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Lambert-Hurley and Sharma argue, that “even at the heart of imperial metropolis at the height of empire, the rigid oppositions between ‘west’ and ‘non-west’, coloniser and colonised, could be blurred” (p 68).

In addition to diasporic relationships, Atiya Fyzee’s impressions about the British society further reveal the inter-dependency of metropole and the colony. Repeatedly throughout the travelogue, Atiya remains overwhelmed and overawed by the efficiency and discipline of the English. Her reactions included amazement (“the capability of the people here amazes me” (p 130)), enthusiastic admiration (“God knows how these people learn everything”, (p 136); “I saw an excellent example of what all a clever race can do” (p 169)) to racism (“truly, if this nation did not have these virtues, then half the world wouldn’t be in their control” (p 191); “truly this country is worthy of such a vast empire” (p 192)). At the same time, Atiya also remained critical of Orientalism prevalent in English society saying that “if they meet an Indian who does not meet their fixed views, they become totally flabbergasted” (p 135) or of British high society complaining that there was an “artificiality and silliness mixed in the air of England” (p 212) compared to the sombre atmosphere of Germany. The polarity of these responses demonstrates the contradictory imaginations of the coloniser that the colonised developed, especially when they were closely exposed to the empire’s achievements in the metropole. It also indicates that the colonised subjects relentlessly negotiated the gap within the imperial i deology of civilisation versus savagery.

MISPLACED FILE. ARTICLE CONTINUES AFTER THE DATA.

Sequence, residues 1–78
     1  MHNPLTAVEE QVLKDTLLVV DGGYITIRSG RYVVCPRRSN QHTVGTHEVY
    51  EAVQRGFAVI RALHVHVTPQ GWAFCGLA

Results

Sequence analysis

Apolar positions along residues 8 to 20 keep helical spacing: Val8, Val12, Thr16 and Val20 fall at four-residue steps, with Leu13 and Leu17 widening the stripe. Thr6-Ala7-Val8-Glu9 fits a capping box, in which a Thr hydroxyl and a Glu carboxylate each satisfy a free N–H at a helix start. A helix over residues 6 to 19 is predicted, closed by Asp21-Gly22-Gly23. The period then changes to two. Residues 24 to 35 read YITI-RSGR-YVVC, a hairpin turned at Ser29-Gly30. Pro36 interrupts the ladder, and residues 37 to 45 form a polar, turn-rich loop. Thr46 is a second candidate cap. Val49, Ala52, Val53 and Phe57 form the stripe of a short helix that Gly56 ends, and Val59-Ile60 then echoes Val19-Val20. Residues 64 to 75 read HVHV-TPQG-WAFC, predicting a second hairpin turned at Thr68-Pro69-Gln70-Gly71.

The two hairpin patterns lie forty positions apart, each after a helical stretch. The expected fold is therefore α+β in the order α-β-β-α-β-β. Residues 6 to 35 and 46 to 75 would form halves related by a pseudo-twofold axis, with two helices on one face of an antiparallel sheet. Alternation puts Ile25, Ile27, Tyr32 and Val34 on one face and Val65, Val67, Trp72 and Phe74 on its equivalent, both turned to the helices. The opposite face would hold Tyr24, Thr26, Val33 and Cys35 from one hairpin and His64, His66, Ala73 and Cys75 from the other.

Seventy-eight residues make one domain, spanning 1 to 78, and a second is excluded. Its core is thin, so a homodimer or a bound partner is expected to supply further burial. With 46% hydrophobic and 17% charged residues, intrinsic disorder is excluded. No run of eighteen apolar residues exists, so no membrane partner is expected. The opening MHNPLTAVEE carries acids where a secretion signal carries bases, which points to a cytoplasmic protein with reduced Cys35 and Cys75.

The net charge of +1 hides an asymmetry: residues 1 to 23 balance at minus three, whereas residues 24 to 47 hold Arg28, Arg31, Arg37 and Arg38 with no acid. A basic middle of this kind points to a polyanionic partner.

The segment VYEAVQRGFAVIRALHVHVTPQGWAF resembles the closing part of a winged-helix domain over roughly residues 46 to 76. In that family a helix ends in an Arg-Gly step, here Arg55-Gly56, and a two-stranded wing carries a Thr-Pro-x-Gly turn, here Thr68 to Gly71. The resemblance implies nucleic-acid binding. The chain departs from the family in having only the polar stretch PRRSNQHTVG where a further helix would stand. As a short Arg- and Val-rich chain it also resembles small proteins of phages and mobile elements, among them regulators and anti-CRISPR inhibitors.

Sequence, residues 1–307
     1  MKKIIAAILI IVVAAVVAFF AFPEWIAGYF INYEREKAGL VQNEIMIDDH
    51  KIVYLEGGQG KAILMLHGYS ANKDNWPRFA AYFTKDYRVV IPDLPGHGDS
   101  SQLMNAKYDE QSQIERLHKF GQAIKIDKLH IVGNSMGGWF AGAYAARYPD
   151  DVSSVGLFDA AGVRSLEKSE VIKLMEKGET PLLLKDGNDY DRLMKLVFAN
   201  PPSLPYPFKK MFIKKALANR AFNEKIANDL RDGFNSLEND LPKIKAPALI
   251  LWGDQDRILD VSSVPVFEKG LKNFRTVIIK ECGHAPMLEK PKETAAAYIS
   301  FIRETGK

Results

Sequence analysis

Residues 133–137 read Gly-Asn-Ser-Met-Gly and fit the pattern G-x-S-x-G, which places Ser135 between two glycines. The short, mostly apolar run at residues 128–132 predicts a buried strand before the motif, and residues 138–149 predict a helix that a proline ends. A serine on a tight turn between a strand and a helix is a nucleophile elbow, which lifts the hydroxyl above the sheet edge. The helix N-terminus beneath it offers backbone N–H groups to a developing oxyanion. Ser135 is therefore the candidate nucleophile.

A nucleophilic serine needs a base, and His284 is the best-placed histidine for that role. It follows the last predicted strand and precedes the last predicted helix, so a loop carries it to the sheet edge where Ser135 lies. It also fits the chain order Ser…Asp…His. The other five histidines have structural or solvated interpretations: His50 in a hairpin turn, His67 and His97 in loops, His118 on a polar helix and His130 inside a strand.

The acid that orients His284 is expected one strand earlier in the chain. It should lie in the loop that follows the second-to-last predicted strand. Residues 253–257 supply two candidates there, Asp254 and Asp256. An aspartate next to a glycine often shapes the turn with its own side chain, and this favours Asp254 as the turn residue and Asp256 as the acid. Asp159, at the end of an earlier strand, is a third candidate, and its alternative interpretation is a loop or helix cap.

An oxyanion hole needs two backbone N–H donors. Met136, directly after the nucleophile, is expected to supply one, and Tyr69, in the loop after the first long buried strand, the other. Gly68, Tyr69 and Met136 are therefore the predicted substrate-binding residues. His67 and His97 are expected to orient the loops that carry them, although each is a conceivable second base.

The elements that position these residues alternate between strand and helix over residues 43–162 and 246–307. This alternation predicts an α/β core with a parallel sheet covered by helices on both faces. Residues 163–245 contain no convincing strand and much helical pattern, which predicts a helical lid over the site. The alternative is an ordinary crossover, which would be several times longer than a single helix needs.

Atiya’s Journeys could prove useful to students interested in gender, empire, r eform/nationalism, travel, biography and global studies. What remains somewhat unclear, however, in Zamana-e Tahsil is the “Muslim female subject”. A lot of Atiya’s interaction was with non-Muslim I ndians and there are hardly any expressions of her piety in reference to Muslims. As a text by a south Asian Muslim, Z amana-e Tahsil can therefore be employed to theoretically destabilise the category of “Muslim woman”, significantly questioning our assumptions around it.

Thus, the archive of travelogues does not simply constitute ethnographic accounts of one culture observing and writing another but also involves self-transformation of the writer through the act of travel. Such reflections, at least in the colonial era, precipitated new ways of being and thinking which provided the catalyst for enormous social and intellectual transformation of Indian society. Scholarship on travel writing can thus help to reorient local stories globally and Lambert-Hurley and Sharma’s Atiya’s Journeys therefore is a significant contribution to studies of colonialism and i mperial history.

Asiya Alam (asiya.alam@gmail.com) is at the Department of Asian Studies, University of Texas, Austin.

Reference

Hall, Catherine (2002): Civilising Subjects: Metropole and Colony in the English Imagination 1830-1867

(Chicago: University of Chicago Press).